Tuesday, July 24, 2007

Mandarin Chinese video games/MMORPG terms

I am a proficient Mandarin speaker. I lived in Taiwan for six years, studied for more than two years at the Taipei Language Institute, and traveled extensively throughout mainland China. I have family members from Taiwan and China, and we try to speak Mandarin with our kids as much as possible.

However, even though I am proficient in Mandarin, I have not achieved fluency. I often study specialized vocabulary lists prior to conducting interviews or preparing for visits to Asia. In advance of my trip next month to Singapore to participate in the State of Play V conference, I wanted to get a handle on the Mandarin terminology used to describe virtual worlds and popular gaming platforms. These are words that do not appear in my Oxford putonghua dictionary, so I asked a friend and former colleague of mine to help translate some of the Mandarin used to describe the videogame industry and related software concepts.

It was interesting to see her list. I recognized many of the characters right away, and many terms made perfect sense -- these phrases tend to be direct translations of the modern English expressions, such as massively multiplayer online role-playing games (MMORPG, 大型多人線上角色扮演遊戲, da4xing2duo1ren2xian4shang4jiao3se4ban4yan3you2xi4).

Others were readable, but were not word-for-word equivalents. According to my wife, some of these terms may have been derived from classic Chinese literature, or older translations from foreign sources -- for instance, the term for "dungeon" is 地下城 (di4xia4cheng2), lit. "underground castle," or 魔洞 (mo2dong4), lit. "monster's cave." It's also interesting to see how -- in certain cases -- the terminology has split in Taiwan and China.

Here's the list:

3d (3d image): (3D 影像)or 三度空間影像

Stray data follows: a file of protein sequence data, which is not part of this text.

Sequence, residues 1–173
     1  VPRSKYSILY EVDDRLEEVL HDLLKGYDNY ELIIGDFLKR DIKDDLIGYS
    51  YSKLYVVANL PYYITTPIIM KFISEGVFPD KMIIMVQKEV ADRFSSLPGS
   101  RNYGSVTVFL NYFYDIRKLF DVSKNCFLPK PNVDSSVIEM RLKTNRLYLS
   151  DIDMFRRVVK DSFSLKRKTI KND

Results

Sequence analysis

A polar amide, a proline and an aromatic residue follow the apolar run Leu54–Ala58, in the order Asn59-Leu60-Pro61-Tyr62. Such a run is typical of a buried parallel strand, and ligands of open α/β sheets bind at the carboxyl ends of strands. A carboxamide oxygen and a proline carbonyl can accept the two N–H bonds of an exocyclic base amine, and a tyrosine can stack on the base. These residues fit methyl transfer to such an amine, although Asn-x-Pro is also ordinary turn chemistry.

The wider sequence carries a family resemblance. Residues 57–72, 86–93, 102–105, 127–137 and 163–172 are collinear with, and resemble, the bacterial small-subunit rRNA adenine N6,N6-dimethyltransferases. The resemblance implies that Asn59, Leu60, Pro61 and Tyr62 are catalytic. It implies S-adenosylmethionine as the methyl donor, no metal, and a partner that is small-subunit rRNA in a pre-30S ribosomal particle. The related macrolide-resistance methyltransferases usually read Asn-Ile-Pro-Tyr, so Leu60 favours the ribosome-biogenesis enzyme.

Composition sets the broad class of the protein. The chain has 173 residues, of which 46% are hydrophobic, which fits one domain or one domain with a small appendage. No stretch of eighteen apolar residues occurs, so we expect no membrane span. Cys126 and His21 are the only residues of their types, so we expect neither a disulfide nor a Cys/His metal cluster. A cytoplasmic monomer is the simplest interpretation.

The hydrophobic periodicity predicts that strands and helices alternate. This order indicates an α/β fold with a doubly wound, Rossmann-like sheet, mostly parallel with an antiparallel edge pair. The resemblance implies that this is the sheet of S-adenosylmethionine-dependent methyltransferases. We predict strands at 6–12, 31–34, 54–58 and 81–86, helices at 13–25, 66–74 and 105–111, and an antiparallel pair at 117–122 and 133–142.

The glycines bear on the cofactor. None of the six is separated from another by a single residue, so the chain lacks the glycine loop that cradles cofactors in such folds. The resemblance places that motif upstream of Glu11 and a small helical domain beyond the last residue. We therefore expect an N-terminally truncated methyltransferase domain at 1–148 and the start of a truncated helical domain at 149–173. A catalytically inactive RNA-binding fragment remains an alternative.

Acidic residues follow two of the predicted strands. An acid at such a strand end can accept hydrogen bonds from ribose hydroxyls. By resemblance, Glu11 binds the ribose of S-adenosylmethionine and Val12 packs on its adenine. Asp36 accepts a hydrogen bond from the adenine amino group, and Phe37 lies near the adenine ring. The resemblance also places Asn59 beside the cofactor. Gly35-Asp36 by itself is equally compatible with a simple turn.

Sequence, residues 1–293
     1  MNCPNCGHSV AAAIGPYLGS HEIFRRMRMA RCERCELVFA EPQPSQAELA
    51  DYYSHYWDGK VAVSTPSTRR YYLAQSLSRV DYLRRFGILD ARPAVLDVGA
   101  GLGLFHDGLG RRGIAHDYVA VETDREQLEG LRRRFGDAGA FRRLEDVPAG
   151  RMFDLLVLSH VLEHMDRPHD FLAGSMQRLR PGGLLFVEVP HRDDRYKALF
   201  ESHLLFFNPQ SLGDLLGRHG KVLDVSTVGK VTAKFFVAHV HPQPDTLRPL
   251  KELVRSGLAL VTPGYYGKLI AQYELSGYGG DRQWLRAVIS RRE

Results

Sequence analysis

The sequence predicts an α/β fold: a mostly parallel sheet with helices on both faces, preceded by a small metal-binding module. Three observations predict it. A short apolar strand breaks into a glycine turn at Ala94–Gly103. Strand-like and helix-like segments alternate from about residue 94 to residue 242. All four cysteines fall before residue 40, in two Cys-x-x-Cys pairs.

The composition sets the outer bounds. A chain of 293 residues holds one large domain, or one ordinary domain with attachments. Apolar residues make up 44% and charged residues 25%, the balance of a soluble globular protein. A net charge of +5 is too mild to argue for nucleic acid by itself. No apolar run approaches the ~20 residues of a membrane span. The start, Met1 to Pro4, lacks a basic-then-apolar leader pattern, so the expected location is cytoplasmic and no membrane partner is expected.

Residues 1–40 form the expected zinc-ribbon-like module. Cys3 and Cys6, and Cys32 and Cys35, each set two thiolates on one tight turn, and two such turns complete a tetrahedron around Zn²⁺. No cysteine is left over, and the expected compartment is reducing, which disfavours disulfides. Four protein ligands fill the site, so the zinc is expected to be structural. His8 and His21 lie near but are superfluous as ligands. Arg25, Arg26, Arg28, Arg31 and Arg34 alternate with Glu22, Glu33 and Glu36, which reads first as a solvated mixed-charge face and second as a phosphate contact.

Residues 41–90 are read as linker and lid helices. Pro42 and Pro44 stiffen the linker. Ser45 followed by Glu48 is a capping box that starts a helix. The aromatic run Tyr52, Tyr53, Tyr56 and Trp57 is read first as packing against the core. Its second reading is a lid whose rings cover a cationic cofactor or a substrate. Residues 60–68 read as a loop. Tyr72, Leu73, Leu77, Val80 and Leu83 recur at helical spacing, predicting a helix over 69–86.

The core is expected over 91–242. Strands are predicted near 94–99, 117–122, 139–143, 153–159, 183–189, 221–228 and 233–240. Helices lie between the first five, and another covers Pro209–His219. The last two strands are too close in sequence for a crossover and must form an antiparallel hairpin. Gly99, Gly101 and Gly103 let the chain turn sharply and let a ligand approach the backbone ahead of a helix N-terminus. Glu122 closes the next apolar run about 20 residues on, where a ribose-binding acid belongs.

video game engine: 電玩遊戲引擎
Software platform: 軟體平台 (Taiwan); 軟體平台 (China)
Hardware platform: 硬體平台 (Taiwan); 軟件平台 (China)
Tolkien: 托爾金 (Taiwan and China)
Lord of the Rings: 魔戒
Gaming experience: 遊戲體驗 or 遊戲經驗 (in different contexts)
Players: 玩遊戲者 (could also be 玩家)
Gamers: 玩家
Massively multiplayer online game (MMOG, MMO game): 大型多人線上遊戲
Massively multiplayer online role-playing game (MMORPG): 大型多人線上角色扮演遊戲
Subscription model: 訂購模式
Micro-transactions: 微交易
Virtual goods: 虛擬物品
Dungeons: 地下城 or 魔洞
player-vs-player: 玩家對玩家
Online account: 線上帳戶
Username: 使用者名稱
Online community: 線上社群
Beta: 測試版
Concurrent users: 同時上線使用者
Game industry: 電玩業
Internet cafe: 網咖 (Taiwan), 網吧 (China)
Prepaid cards: 預付卡 (Taiwan), 預付費卡 (China)
Prepaid playing time: 預付遊戲時間


  1. Ian: I'm leaving this message so your blog site shows an incremental increase in traffic.


  2. Thanks, Vin. Every click helps!

    BTW, I am in Taiwan right now, shortly off to Singapore ...

  3. Any thoughts on an MMORPG for a 10 yr old boy learning Mandarin? He currently has the proficiency of a 4yr old and next to no literacy. His video collection and textbooks are getting pretty sleepy. Thanks.

  4. Hello Bathsheba,

    Unfortunately, most MMORPGs in Chinese require reading skills, as opposed to spoken Mandarin. If Mandarin is used on headsets, it tends to be pretty colloquial and brief ("shoot him, quick!") so I am not sure how much value he would get from that.

    If you want another way to get him into the culture, consider musicians -- the Mandarin speaking world has a ton of dance-focused youth bands with catchy songs, as well as rockers -- Mayday is one I know, or see what turns up on Google. Good luck ...

  5. How about for someone with some reading skills? I am looking to maintain an 11-year-old's proficiency.


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